this only seems to happen when I use the same OS (exact copy placed on another partition) but not when they are different version of the same OS or different OS it does not cross-link?

how to prevent this cross-linking (I think that is the correct term for this, not certain though)?

#64 Wonko the Sane

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Posted 30 July 2013 - 07:22 PM

why is it that when I use the same OS that is in the primary partition where grub4dos gets called from and place it on another partition to be booted by grub4dos, it gets cross-linked (shows the primary as C: even though with the /sos switch it shows the other partition I am booting is loading?

this only seems to happen when I use the same OS (exact copy placed on another partition) but not when they are different version of the same OS or different OS it does not cross-link?

how to prevent this cross-linking (I think that is the correct term for this, not certain though)?

What do you think that the (HKLM\SYSTEM\MountedDevices\) DosDevices Keys in the Registry are for? :dubbio:

 

Or - more loosely - WHY exactly you cannot normally change the drive letter of the Windows System volume? :unsure:

 

See if the info here (ONLY seemingly OT)  helps (it does) ;):

http://www.911cd.net...showtopic=19663

 

BTW, this SAME thread, only a few posts earlier, does mention something very related :whistling::

http://reboot.pro/to...ition/?p=103051

you may want to re-read a few posts starting from the above....

 

:cheers:

Wonko



#65 Zoso

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Posted 30 July 2013 - 08:13 PM

I always clear the mnt dev key though.

I have an idea that may work to eliminate the other hassles.. Im going to encrypt the primary system and boot from there to grub4dos then point to the copy in logical partition that is not encrypted so Im thinking that it cant crosslink what it cant see.

but what about grub4dos, can I use it to hide the primary after it has been called form there? like adding something to the menu item that I use to boot the OS that is in the extended partition?

edit: I tried the encrypted primary idea with no success, once you have booted into the primary to access grub4dos from the boot.ini it is unencrypted so when you point to the logical partition and boot it up, the primary is still unencrypted (not sure why?)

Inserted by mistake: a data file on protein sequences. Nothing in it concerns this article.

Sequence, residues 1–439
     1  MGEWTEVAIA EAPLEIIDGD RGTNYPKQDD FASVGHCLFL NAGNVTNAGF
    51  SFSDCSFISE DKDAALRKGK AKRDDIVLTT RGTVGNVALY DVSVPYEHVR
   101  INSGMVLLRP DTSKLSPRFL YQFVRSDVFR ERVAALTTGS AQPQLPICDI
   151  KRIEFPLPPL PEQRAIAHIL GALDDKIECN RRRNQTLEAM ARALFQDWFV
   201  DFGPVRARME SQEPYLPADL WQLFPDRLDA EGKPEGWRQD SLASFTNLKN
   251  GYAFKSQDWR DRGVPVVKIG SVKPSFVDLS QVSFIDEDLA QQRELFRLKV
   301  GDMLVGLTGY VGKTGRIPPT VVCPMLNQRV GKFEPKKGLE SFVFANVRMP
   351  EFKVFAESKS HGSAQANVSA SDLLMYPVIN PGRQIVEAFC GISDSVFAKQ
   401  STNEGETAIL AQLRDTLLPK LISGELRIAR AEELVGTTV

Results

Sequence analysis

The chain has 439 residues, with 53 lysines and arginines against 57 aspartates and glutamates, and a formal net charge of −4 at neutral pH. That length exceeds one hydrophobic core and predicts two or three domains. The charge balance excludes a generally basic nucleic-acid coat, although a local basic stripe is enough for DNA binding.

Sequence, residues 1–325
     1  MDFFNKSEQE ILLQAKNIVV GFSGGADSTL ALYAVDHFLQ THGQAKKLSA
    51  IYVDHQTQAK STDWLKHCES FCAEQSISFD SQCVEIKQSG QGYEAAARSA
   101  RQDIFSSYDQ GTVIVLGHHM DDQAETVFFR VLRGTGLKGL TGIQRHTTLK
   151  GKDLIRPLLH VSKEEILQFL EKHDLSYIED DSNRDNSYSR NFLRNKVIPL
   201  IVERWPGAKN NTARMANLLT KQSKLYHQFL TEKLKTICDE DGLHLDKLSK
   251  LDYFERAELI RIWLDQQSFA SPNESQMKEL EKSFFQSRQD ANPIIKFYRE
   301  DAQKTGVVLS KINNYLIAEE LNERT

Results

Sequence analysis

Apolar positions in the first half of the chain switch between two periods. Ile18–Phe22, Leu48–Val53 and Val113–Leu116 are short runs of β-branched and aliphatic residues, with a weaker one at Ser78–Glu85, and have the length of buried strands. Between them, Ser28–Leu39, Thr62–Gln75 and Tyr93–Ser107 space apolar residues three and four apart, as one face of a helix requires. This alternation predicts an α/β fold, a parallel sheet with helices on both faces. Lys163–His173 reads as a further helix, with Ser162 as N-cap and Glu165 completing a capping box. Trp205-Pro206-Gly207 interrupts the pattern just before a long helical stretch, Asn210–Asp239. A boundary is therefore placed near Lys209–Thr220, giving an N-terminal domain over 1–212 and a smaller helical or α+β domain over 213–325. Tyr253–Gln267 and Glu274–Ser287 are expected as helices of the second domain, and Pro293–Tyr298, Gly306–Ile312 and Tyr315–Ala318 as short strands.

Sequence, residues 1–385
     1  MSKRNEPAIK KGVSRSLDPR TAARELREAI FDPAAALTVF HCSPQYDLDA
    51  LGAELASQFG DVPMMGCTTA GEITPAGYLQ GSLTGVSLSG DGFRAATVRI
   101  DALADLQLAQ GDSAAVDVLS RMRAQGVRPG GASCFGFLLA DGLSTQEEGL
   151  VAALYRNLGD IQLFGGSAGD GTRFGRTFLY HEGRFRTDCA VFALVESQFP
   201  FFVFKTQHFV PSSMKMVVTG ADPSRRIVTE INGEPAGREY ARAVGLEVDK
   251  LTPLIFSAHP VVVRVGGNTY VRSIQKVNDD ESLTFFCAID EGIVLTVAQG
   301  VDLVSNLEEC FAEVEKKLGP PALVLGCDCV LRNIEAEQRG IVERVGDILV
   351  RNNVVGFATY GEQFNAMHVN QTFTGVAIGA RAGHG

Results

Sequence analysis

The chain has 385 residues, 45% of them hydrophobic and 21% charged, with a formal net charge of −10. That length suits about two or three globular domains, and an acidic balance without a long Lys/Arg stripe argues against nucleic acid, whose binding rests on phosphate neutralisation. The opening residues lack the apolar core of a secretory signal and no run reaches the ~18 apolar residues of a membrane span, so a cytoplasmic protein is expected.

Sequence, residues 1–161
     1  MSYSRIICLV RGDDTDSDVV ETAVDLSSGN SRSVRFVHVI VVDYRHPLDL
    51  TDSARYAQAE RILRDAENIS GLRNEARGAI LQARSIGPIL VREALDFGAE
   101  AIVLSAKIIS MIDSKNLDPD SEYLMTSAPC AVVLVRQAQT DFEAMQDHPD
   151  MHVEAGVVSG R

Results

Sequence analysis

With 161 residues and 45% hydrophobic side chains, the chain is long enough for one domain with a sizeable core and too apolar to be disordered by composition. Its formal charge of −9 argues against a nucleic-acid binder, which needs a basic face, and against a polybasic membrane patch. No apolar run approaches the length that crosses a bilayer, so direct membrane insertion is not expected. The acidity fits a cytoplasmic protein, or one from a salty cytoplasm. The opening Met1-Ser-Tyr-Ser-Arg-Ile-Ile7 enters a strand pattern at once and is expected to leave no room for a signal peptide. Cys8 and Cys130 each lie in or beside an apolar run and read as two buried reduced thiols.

diskcryptor's feature for booting a specific partition with unique password is really good but it only works for partitions marked active so it is not of much use here.

now I am testing the hide function in grub4dos and the first thing I noticed is that it is not temporary.. after my first test with it, I shut down and unplugged the USB HDD and plugged it into another running system only to find I could not access that partition.

Im reading the guide (again) but I dont see a way to temporary hide when booting so that when you shut down you can access all partitions again on another system.

I guess I could add a menu list to unhide all but that would require a reboot. is there any way to unhide once booted from within windows before shutdown?

#66 Wonko the Sane

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Posted 31 July 2013 - 08:41 AM

Look, the general idea is that you need to assign drive letters manually.

 

If you just delete the dosdevices drive letter key and drive letters were assigned automatically, strangely enough :whistling:, the SAME drive letters will be assigned. (repeatability of drive lettering).

 

Of course you can hide and unhide partitions (both from windows before shutdown and from grub4dos BEFORE booting windows), but that won't normally "solve" by itself drive lettering issues (that need to be solved "internally" with manual assigning the "right" drive letters to the "right" volumes).

 

About partition hiding, there is no problem, imagine you have a hard disk that (for simplicity) has only two primary partitions.

title Part1
hide (0,1)
unhide (0,0)
root (hd0,0)
chainloader +1

title Part2
hide (0,0)
unhide (0,1)
root (hd0,1)
chainloader +1

in practice each menu entry has a "complete set" of hiding/unhiding commands, so that all the partitions/volumes are set to the way you want them when you initiate the (Windows) booting. ;)

 

:cheers:

Wonko



#67 Zoso

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Posted 31 July 2013 - 04:19 PM

I want to have each windows boot and think it is C: drive.

I think the problem Im having is that according to the goodells info: "do not let new-XP see the old-XP partition the first time it boots."

but since Im using grub4dos called from the primary partition with that XPs boot.ini, I dont know how to boot the XP in logical partition so it wont see the "old-XP"

maybe I need to assign the drive letters in the new-XP before booting but Im not sure how to do that from outside (offline) reading again this thread and goodells since I must have missed it.

edit: after you use the hide command does that change the partition order?

in other words, if I hide hd0,1 does that then make hd0,2 now into hd0,1?